Can you appreciate how mind-blowingly trippy that is? You made some marks on a piece of paper, howled some screeches, moans, and yells, flicked some nylon strings, and people stopped what they were doing so they could listen to what you're doing. Some people even memorized what you created and want you to do it again. If you're very lucky, some people will even pay you for the privilege.
How does that not drive you insane with glee?! How does that not make you want to write the best song you possibly can so you can repeat that experience?!
A long time ago, I heard someone say that music is about sex. At the time I thought they were talking about how a lot of music is very obviously and literally about the act of sexual intercourse. But, as I've gotten older and experienced music from both sides of the stage, I've decided that there is a different meaning for that phrase.
You are attempting to seduce your audience with your song.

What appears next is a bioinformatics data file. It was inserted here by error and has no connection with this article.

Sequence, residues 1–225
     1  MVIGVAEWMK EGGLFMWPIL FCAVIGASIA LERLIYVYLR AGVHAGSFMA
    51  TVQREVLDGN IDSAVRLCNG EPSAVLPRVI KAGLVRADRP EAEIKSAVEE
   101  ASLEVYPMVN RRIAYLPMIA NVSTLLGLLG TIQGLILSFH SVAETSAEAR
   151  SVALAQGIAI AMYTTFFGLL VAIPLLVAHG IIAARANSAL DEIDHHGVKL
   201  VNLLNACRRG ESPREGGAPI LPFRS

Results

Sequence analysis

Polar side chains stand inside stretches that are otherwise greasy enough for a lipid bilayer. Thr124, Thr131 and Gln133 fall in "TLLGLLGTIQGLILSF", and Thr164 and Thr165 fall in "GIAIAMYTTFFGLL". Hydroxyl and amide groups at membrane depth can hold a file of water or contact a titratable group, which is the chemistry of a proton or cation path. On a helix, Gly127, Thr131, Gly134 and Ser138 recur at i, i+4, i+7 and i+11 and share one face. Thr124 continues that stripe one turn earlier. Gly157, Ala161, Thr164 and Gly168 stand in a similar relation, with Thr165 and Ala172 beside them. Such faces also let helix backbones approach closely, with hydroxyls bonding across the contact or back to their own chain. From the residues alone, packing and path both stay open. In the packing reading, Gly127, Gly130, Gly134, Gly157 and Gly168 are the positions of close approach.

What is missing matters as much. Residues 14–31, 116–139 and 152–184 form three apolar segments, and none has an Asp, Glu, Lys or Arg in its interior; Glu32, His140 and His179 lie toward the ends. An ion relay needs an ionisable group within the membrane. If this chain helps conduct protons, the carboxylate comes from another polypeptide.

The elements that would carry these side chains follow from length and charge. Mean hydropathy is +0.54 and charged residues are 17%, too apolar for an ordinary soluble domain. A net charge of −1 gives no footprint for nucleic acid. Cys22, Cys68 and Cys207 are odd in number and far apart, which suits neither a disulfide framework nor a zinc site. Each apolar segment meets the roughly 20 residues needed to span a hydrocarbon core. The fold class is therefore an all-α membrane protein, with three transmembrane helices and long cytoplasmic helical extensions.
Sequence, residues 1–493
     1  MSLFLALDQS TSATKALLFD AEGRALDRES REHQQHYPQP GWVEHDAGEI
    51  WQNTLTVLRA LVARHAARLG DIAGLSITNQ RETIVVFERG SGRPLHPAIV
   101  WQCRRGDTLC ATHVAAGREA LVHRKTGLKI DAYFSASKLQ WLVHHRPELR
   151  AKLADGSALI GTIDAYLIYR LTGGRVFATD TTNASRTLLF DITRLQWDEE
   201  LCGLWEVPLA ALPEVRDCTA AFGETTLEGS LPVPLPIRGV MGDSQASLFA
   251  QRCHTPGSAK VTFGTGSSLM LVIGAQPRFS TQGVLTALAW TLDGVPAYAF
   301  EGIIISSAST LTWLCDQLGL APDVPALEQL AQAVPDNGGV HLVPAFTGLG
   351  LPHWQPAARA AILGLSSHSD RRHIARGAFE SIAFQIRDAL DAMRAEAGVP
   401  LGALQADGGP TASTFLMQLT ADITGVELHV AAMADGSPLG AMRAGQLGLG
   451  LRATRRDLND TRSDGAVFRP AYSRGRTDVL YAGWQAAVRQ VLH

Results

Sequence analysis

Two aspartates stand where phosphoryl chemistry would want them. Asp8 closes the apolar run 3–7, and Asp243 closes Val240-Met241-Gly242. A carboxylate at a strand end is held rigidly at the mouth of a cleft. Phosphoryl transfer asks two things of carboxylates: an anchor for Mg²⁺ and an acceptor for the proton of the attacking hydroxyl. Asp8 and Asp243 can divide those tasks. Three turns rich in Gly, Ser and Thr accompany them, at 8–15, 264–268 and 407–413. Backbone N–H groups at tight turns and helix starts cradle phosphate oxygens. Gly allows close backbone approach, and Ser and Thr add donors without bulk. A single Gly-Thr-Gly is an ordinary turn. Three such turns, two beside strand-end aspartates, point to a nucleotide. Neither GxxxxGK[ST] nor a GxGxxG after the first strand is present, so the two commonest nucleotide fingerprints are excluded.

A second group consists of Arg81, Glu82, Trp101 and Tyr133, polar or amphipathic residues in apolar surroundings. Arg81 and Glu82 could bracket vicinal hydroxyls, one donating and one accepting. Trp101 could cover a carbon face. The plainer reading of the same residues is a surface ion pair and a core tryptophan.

It means in crude terms that you are romancing your audience. You are attempting to seduce them with your song. Whoever listens could reject you and leave you feeling crappy about what you made. But, they could engage you. They could sing along with you, shout excitedly, or applaud you. They could buy your album and listen to it so much that they burn a hole through the CD. They could talk about you over coffee with their friends. They could tell you that your song changed their life.
There's a unity, a connection, a shared joy between the artist and audience that comes from a great performance. Once you experience that connection, it becomes addictive, and you want to recreate it as often as possible.